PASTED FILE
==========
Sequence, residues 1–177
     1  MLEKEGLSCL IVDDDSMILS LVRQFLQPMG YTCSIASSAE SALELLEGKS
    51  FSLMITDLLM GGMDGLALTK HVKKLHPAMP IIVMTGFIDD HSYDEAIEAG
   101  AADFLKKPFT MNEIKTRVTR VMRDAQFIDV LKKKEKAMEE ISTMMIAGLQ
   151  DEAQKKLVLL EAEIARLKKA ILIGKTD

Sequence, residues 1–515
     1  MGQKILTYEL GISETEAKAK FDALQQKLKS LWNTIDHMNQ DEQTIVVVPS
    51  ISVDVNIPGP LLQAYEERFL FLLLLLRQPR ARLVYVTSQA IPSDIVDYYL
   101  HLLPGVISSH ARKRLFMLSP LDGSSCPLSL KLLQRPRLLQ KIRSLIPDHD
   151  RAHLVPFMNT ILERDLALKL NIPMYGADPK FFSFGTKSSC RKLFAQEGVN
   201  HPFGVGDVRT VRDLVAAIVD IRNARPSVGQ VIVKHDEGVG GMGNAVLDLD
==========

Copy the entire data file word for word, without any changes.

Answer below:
Sequence, residues 1–177
     1  MLEKEGLSCL IVDDDSMILS LVRQFLQPMG YTCSIASSAE SALELLEGKS
    51  FSLMITDLLM GGMDGLALTK HVKKLHPAMP IIVMTGFIDD HSYDEAIEAG
   101  AADFLKKPFT MNEIKTRVTR VMRDAQFIDV LKKKEKAMEE ISTMMIAGLQ
   151  DEAQKKLVLL EAEIARLKKA ILIGKTD

Sequence, residues 1–515
     1  MGQKILTYEL GISETEAKAK FDALQQKLKS LWNTIDHMNQ DEQTIVVVPS
    51  ISVDVNIPGP LLQAYEERFL FLLLLLRQPR ARLVYVTSQA IPSDIVDYYL
   101  HLLPGVISSH ARKRLFMLSP LDGSSCPLSL KLLQRPRLLQ KIRSLIPDHD
   151  RAHLVPFMNT ILERDLALKL NIPMYGADPK FFSFGTKSSC RKLFAQEGVN
   201  HPFGVGDVRT VRDLVAAIVD IRNARPSVGQ VIVKHDEGVG GMGNAVLDLD